Saturday, October 11, 2008

Art Blog: The ANOINTED Part 5

When I was seventeen years old, I started my first semester in art school. I started off my “art life” wanting to be an illustrator (I thought). I can remember sitting in one of my classes and the professor was giving back our assignments. He handed me my drawing and I noticed a long note on the back written in red marker. Also, there were arrows and circles all over the face of the drawing. I could feel the heat in my face rise. I read the block of text. It was a negative verbal critique. The one thing I remember about the note is he started almost every sentence with “The client would want…..” Mortified, I sat there and nearly started crying. Of course, I was upset because he trashed my work with his words, but also I was livid he had ruined my drawing with his frigin red marker! With my jaw jutting out and eyes of hot coals, I looked at him and thought “Client? Client? SCREW THIS!!”
Obviously, that was many years ago. Yet, my mindset hasn’t really changed after all these years. I wanted to make art for me back then and now. This is a very heroic aspiration, but not very wise if you want to be successful by societal standards. Being a successful artist requires many, many attributes. Being creative or having art skills is just one component of the successful artist recipe.

This is the point of this post. Being a successful artist is up for personal interpretation. I truly believe I am very successful by my own standards. Twenty years ago, I can remember living in a ghetto apartment with cockroaches and mice. After trying to use the ATM and being told I had “insufficient funds” for any type of withdrawal, I would actually go house to house asking the residents if they had a used can of latex paint in their garage and if so, could I have it. I would sit dreaming of the day, I could have a nice place to live, have enough money in the bank to buy any kind of paint I wanted, and make the kind of art that makes me happy. I have all that now. So I think I am very successful. However, I am not successful if I am measured by the market value of my work or celebrated artist fame markers.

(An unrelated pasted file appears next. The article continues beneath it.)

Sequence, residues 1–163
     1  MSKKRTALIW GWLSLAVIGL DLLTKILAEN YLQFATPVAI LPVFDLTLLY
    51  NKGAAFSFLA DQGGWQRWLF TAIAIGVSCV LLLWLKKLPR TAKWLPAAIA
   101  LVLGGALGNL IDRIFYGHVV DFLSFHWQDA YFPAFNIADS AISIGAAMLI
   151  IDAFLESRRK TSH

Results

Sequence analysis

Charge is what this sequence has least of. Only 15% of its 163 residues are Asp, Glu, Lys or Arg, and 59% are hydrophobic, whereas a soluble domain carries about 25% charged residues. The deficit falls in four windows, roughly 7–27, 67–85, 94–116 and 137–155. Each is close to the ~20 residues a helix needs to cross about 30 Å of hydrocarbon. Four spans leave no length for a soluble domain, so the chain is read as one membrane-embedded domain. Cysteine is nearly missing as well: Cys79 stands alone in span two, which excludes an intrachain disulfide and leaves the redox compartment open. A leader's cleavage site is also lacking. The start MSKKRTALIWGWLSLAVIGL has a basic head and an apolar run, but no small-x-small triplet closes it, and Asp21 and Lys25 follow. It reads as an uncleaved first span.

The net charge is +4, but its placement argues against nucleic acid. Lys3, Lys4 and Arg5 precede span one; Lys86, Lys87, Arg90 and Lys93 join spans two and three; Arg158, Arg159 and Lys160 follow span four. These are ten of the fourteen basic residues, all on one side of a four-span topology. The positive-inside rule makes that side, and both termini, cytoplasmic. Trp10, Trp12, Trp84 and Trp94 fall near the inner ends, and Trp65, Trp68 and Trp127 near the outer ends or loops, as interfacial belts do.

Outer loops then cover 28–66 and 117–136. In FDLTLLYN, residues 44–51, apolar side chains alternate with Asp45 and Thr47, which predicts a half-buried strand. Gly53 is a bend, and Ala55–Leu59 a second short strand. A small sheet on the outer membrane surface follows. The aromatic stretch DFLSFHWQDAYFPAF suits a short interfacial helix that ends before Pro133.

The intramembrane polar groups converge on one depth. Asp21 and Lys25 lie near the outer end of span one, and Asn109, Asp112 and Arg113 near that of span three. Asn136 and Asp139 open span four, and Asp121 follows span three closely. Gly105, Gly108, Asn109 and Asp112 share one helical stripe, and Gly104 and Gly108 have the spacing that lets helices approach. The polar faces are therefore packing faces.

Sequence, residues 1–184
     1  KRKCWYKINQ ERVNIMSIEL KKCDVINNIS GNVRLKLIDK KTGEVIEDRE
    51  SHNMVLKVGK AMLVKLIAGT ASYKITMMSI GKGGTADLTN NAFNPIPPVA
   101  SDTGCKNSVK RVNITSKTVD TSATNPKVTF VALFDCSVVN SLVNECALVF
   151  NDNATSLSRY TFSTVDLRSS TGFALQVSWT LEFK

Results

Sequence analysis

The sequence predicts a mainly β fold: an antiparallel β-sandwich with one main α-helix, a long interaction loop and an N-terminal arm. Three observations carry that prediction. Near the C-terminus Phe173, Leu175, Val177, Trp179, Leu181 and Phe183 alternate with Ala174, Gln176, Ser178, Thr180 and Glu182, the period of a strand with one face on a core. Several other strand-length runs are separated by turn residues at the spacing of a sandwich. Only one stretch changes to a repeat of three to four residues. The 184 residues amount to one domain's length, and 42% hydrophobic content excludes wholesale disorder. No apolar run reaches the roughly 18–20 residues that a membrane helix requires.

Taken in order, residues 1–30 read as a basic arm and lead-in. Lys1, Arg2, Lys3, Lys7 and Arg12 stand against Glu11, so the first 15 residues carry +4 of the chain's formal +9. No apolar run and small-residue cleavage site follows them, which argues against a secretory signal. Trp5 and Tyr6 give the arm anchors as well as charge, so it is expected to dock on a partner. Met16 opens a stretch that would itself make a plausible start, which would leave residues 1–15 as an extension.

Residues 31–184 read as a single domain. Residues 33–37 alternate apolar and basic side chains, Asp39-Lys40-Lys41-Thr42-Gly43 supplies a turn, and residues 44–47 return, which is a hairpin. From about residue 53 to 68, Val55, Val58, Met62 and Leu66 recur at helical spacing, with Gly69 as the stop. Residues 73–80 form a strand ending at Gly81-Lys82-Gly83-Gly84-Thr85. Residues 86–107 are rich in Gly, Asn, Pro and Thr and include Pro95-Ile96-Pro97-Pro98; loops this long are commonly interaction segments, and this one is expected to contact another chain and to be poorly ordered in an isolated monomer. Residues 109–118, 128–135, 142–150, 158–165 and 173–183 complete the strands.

I do not blame anyone for my lack of “art market” success. I believe if you point your finger at others, you have to notice that three of your fingers are pointed back at you! I have to take full responsibility for the status of my art career. My own actions have created much of the status quo. I never gathered many of the ingredients of the successful artist recipe. Oh, I am very creative and skilled, but that isn’t enough. Like I mentioned before, being a successful artist is an aggregate of many traits and attributes. I don’t have many of them or if I do, I have never honed those skills.
For example:

Realism: I have never wanted to go with the flow. Embracing the reality of art marketing has never been my thing. I am too idealistic. I have never cared what the client wants. I don’t care what sells. I have never listened or taken advice from the gallerists. I don’t care about the trends.

Enthusiasm and Drive: Oh, I have been enthusiastic and driven by my own art. However, I have not been enthusiastic about marketing or selling or getting myself out there. I have shown my work in many exhibitions, but I never spent the time or energy required to get into that fantastic gallery. It wasn’t that important to me. I guess I don’t want it enough.